Yosemite Gets Its Historic Place Names Back

A settlement with a former concessions operator means Camp Curry, the Ahwahnee Hotel and other iconic sites can use their original names again

Yosemite Names
National Park Service

For generations, families vacationing inside Yosemite National Park stayed at the Ahwahnee Hotel, the Wawona, Badger Pass Ski Area and Camp Curry. But in 2016, plastic tarps went up covering the names of those iconic locations. Slogans around the park were also altered. The changes were a result of a lawsuit brought by a former concessionaire who owned the trademarks and service marks of many well-known Yosemite spots. That lawsuit recently settled, paving the way for the tarps to be removed to reveal the original names once more.

The spat, as Alex Wigglesworth at the Los Angeles Times reports, began in 2015 after the company running the hotels and restaurants in the park, Delaware North Inc., lost its contract, valued at approximately $2 billion in revenues over a 15-year period, to a subsidiary of rival Aramark.

When Aramark took over, Delaware North demanded $50 million to let the company continue using the names. As it turned out, when Delaware North took over operations of Yosemite’s concessions in 1993, it was required to purchase the intellectual property of the previous concessions company. That included the names of many of the locations within the park.

Rather than pay up, Aramark changed the names within the park while a lawsuit proceeded. The suit also took hundreds of slogans and logos used in advertising, on t-shirts and other gift-shop items out of circulation, including items that simply said "Yosemite National Park."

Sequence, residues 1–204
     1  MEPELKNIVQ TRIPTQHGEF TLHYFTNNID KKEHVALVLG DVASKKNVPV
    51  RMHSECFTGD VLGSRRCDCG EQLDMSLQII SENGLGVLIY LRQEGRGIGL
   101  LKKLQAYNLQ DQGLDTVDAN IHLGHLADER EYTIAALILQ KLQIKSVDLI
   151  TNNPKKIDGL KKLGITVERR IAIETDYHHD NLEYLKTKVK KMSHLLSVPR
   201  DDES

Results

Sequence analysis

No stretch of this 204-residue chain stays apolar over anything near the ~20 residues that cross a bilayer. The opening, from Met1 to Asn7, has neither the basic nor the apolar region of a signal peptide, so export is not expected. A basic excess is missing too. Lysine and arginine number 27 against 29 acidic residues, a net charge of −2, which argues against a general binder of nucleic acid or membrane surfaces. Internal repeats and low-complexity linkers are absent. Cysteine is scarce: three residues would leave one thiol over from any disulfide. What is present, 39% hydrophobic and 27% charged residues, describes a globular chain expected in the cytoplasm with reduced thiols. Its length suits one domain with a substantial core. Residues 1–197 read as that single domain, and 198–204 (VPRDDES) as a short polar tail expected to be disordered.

According to the terms of the settlement, Delaware North will receive $12 million for the names, including $3.84 million from the National Park Service and $8.16 million from Aramark. According to a press release, at the conclusion of Aramark’s contract in 2031, the names will transfer to the ownership of the NPS at no cost to the park.

“I’ve said from literally Day One that these names belong with these places, and ultimately belong to the American people,” Yosemite spokesman Scott Gediman tells Wigglesworth. “So to have this dispute resolved is huge.”

Katia Hetter at CNN reports that on Monday morning, crews began uncovering the old signs, but it may take weeks or months to completely expunge the temporary names from websites, road signs and directories. One property, however, is still deciding whether to revert back to its old name; the former Yosemite Lodge at the Falls may decide in favor of retaining its shorter, sweeter new moniker, Yosemite Valley Lodge.

Visitors and locals are happy to have the traditional names back. “As a member of the Yosemite area community, and as someone who worked in the park for a decade, I am delighted this contract dispute finally got resolved and the beloved historic names are being rightfully restored,” Beth Pratt, California regional executive director of the National Wildlife Federation, tells Hetter. “Not that I ever called the Ahwahnee, the Majestic, but the official return is long overdue.”

Gediman, the Yosemite spokesperson, tells Carmen George at The Fresno Bee that the end of the Ahwahnee exile is a relief for everyone who loves Yosemite. “Places like Curry Village that opened in 1899 and the Ahwahnee in 1927 – these place names go with these iconic buildings here,” he says. “They have continued to be tremendously important to the American people, so we here in Yosemite National Park are just ecstatic to conclude the lawsuit, to be a party of the settlement agreement, and we feel it’s a huge win for everybody.”

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